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December 20, 2018

Federal exchange enrollment has ended, and the signup total is in

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    CMS on Wednesday announced that 8.5 million U.S. residents signed up for federal exchange plans this year, down by about 4% from the approximately 8.8 million who signed up during last year's open enrollment period.

    The federal open enrollment period for the 2019 coverage year ran from Nov. 1 through Dec. 15. Some state-based exchanges have longer open enrollment periods.

    In keeping with a practice established last year, CMS did not project in advance how many U.S. residents would enroll in exchange coverage. However, some experts predicted that the number of enrollees will stay about the same as 2018, when a total of 11.8 million people signed up for or were automatically re-enrolled in exchange plans through both the federal and state-run exchanges. Others suspected the total could drop slightly, largely because of policy changes that expanded access to short-term and association health plans and zeroed out the ACA's individual mandate penalty for remaining uninsured.

    Signups reach 8.5M

    CMS data released Wednesday include signups in the 39 states that use the federal exchange for enrollment that occurred from Nov. 1 to Dec. 15. The data do not indicate whether individuals paid their first month's premiums, a step that effectively completes the enrollment process. The data also do not include individuals who signed up for exchange plans in states that did not use the federal exchange for enrollment.

    CMS said 4,322,450 people selected federal exchange plans during the seventh week of the open enrollment period, which spanned from Dec. 9 to Dec. 15. CMS said that figure included:

    • 3,403,802 returning customers; and
    • 918,648 new customers.

    CMS said, "Similar to previous years, there was a surge in the number of consumers contacting the exchange call center and visiting HealthCare.gov during the final days of open enrollment." CMS said the federal exchange enrollment call center during the open enrollment period received a total of about 5.2 million calls, including 1,783,333 calls during week seven. HealthCare.gov during the open enrollment period saw more than 15 million visitors, including more than five million visitors during the seventh week of open enrollment, according to CMS.

    CMS said as of Dec. 15, about 8.5 million U.S. residents had selected federal exchange plans since the open enrollment period launched Nov. 1. CMS said that total includes the number of U.S. residents who signed up for a federal exchange plan as of 11:59 p.m. EST on Dec. 15. As such, the total could increase, because U.S. residents in other time zones had until 3:00 a.m. EST on Dec. 16, at the latest, to sign up for federal exchange plans. In addition, U.S. residents who left their contact information with the federal enrollment call center will be contacted and have extra time to sign up for a federal exchange plan. CMS said it already has begun reaching out to such individuals.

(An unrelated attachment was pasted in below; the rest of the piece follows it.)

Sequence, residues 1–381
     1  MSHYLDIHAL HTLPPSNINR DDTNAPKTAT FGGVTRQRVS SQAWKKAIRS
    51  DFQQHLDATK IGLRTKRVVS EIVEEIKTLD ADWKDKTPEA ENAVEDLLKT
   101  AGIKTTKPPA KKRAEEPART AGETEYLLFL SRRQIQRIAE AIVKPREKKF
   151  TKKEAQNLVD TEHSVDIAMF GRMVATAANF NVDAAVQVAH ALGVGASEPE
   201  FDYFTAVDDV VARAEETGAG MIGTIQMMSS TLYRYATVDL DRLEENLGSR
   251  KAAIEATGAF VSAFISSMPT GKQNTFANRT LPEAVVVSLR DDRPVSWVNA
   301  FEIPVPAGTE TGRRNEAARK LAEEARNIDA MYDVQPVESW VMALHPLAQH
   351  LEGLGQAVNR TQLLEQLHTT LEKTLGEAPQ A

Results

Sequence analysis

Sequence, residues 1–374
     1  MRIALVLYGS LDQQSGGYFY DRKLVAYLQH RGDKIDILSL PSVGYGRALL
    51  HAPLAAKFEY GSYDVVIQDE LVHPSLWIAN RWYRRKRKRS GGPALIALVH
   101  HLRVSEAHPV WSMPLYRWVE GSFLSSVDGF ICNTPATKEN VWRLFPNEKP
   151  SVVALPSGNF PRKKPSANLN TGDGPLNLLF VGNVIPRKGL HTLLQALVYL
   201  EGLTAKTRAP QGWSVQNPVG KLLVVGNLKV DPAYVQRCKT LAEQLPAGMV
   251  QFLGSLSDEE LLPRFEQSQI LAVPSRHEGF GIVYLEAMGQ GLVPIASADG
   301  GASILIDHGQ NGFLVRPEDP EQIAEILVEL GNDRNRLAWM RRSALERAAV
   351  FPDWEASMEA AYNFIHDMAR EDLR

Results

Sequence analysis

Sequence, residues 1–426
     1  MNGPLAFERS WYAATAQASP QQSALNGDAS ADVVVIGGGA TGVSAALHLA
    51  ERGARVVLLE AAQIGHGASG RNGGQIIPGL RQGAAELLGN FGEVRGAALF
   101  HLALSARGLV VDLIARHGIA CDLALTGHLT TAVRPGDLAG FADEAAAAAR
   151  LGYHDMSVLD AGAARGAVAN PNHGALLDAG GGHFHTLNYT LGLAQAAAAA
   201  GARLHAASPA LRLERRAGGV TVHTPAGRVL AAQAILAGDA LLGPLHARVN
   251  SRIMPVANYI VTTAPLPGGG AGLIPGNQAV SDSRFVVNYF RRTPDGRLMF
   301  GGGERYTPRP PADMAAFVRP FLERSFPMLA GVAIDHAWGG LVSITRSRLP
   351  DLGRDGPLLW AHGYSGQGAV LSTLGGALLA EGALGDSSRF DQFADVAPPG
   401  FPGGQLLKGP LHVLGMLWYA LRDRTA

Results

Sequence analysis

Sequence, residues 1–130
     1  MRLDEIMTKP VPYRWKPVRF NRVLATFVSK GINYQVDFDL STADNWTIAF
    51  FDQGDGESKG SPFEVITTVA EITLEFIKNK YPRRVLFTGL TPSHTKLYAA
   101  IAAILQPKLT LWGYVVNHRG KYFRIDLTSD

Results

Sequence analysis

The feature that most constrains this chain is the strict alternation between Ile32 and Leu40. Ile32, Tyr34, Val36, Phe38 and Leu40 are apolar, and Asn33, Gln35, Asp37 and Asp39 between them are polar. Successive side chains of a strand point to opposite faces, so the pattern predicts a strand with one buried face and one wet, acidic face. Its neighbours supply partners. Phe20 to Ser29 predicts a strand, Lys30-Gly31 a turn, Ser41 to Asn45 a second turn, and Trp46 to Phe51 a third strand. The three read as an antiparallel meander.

Signups so far down by 4% when compared with last year

    According to Reuters, the 8.5 million total is down by about 4% from the 8.8 million who signed up for federal exchange plans during last year's open enrollment period.

    CMS cautioned that the 8.5 million total is "preliminary and [does] not represent final 2019 exchange open enrollment figures."

    Reasons for the decrease

    CMS Administrator Seema Verma said the Trump administration "has taken strong steps to promote a more competitive, stable health insurance market and these steady enrollment numbers are yet another sign that the administration's efforts are working."

    Verma in a release suggested the lower exchange enrollment figure could be attributed to the stronger economy. "With the lowest unemployment rate in 50 years, it's possible that more Americans have employer-based coverage, and don't need exchange plans," Verma said.

    Further, Verma in a call with reporters noted that about 100,000 Virginia residents who had been enrolled in exchange plans became eligible for Medicaid this year under the state's expansion of the program.

    Analysts also have pointed to cuts in ACA outreach funding and the elimination of the ACA's individual mandate penalty as reasons why total enrollment might decline when compared with last year. However, Verma suggested those changes did not affect signups. "We see no correlation between what we are seeing on advertising and effectuated enrollment," she said.

    Politico's "Pulse" reports that federal exchange enrollment has declined by nearly 750,000 over the past two open enrollment periods, "and it's not clear if those [U.S. residents] got coverage elsewhere, or what they're paying if they did." "Pulse" reports, "That data relies on other surveys and is still months away" (Humer, Reuters, 12/19; CMS release, 12/19; CMS fact sheet, 12/19; Owens, "Vitals," Axios, 12/20; Armour, Wall Street Journal, 12/19; Diamond, "Pulse," Politico, 12/20).

    Cheat sheet: What you need to know about the ACA


    The Patient Protection and Affordable Care Act, otherwise known as the ACA, is the comprehensive health care reform bill passed by Congress in March, 2010. The law reshapes the way health care is delivered and financed by transitioning providers from a volume-based fee-for-service system toward value-based care.

    Download the ACA cheat sheet to get a quick overview of this significant U.S. health care legislation.

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